Save the Children released a statement this week showing that 1,600 cases of push backs from Hungary and Croatia to Serbia have taken place during the last two months. Push backs to Serbia have previously been reported by the Asylum Information Database (AIDA) and Human Rights Watch, and are regularly recorded by UNHCR.
According to Save the Children, push backs are often carried out violently. The organisation found an average 30 push backs back to Serbia on a daily basis in the last two months. From Monday to Wednesday this week, UNHCR states that 45 refugees and migrants have been denied access to asylum procedures in Hungary and were forcibly pushed back to Serbia.
In its latest fact-finding visit report to Croatia published last December, ECRE also found that the problem of push backs persists at the Croatian-Serbian border. The report states that while information on push backs has been shared by UNHCR with Croatian authorities, no investigations had been carried out by authorities, due to lack of precision as to dates and location of the incidents reported. However, as many push backs are carried out in woods and forests, information on precise location remains difficult.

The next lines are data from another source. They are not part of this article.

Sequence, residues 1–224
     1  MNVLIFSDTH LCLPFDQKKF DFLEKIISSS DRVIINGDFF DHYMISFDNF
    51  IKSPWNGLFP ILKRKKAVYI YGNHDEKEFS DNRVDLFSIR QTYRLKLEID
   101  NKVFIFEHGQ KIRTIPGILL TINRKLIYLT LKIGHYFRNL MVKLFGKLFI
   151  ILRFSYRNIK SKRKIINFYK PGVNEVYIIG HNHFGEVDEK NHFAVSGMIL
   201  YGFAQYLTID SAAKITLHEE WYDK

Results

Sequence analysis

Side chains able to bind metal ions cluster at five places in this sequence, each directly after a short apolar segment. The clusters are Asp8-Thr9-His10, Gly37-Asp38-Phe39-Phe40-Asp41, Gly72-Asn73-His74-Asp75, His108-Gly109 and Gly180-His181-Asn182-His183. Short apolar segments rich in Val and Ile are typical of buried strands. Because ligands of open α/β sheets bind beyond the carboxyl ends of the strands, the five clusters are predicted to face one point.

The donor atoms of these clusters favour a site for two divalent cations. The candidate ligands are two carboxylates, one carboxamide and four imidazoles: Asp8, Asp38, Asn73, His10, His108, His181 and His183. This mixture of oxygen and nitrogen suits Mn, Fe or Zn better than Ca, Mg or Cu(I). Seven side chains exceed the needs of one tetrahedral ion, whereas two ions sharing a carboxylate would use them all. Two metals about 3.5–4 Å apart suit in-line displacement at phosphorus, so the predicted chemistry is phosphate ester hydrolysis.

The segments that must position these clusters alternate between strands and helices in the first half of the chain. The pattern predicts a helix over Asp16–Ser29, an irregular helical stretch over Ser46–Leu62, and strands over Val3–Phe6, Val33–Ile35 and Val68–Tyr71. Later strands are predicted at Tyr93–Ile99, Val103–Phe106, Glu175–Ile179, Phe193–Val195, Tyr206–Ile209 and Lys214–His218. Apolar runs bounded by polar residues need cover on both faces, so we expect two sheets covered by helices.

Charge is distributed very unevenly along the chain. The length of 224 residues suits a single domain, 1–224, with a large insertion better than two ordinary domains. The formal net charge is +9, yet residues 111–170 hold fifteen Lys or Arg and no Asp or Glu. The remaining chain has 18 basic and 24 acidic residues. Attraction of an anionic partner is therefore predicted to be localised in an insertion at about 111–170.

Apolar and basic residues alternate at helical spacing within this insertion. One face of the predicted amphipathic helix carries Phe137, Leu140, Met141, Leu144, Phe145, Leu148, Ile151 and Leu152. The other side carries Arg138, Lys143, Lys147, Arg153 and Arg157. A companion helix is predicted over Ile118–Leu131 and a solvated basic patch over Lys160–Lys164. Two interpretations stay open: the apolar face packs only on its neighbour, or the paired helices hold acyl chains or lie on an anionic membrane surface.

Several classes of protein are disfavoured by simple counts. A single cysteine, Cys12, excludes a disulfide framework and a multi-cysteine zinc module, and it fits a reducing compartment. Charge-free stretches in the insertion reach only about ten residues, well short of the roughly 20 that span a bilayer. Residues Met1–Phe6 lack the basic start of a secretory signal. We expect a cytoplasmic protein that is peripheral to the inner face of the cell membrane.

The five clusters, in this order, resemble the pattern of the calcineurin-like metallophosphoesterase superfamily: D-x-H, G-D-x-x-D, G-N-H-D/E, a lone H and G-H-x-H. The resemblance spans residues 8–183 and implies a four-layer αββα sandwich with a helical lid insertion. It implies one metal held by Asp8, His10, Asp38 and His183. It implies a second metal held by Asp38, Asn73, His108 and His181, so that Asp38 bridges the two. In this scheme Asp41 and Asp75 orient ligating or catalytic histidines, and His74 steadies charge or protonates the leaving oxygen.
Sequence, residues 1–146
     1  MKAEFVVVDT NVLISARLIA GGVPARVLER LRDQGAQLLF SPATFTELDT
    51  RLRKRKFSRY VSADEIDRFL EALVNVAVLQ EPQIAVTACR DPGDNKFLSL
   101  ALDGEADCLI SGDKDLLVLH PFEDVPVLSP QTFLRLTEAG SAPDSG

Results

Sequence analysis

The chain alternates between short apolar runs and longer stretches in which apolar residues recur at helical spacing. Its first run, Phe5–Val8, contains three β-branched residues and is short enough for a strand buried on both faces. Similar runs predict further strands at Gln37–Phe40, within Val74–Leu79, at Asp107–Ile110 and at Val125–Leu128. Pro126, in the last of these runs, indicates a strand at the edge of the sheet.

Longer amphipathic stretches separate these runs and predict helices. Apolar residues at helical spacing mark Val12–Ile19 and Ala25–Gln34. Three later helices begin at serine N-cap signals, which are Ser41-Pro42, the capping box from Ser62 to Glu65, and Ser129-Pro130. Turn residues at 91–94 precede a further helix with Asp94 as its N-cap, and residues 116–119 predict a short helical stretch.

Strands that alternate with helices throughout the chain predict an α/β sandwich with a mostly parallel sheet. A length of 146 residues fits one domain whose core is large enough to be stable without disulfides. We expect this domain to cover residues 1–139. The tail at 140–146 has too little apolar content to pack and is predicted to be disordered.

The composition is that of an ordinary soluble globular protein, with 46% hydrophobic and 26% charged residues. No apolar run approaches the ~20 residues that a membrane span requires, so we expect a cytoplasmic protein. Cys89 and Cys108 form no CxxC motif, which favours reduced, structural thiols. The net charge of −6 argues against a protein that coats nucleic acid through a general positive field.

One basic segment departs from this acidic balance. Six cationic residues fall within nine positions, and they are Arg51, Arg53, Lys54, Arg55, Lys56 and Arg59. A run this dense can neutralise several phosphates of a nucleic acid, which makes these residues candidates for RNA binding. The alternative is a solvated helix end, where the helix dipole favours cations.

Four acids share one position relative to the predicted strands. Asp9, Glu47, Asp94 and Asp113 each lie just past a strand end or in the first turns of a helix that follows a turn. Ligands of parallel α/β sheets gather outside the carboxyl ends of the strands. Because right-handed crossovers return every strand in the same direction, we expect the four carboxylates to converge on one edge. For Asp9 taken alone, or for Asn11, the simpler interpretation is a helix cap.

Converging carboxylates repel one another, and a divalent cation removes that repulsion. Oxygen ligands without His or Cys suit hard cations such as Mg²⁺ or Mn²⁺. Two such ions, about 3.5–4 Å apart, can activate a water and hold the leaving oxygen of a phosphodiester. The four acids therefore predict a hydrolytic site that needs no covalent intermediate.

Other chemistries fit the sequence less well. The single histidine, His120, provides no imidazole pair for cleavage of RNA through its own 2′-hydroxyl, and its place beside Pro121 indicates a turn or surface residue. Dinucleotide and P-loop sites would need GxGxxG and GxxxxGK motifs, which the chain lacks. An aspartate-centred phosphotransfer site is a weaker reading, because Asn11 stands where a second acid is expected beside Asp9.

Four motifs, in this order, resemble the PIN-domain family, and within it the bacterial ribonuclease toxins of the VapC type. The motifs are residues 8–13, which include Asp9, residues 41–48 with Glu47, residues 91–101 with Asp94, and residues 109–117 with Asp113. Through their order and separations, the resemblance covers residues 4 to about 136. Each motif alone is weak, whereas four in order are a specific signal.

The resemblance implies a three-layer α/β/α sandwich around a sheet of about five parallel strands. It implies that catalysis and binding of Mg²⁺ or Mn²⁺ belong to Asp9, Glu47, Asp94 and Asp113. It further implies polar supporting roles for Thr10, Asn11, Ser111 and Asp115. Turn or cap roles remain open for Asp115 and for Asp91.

“The persisting and well-documented deficiencies of the Serbian asylum system clearly demonstrate summary returns to Serbia as unlawful. The closure of the Balkan route has created higher risks of abuse and denial of protection against those who most need it. It is crucial that allegations of push backs are thoroughly investigated and that UNHCR and expert human rights organisations are enabled to conduct systematic border monitoring.” says Minos Mouzourakis, AIDA Coordinator.
For further information
- ECRE, Dublin returns to Croatia lack necessary human rights guarantees, 19 December 2016
- AIDA, ‘Serbia: Access to protection a rarity, as bottleneck intensifies’, 28 October 2016.
- ECRE, Hungary: Latest amendments to legalise extrajudicial push-backs of asylum-seekers, July 7, 2016
Photo: Save the Children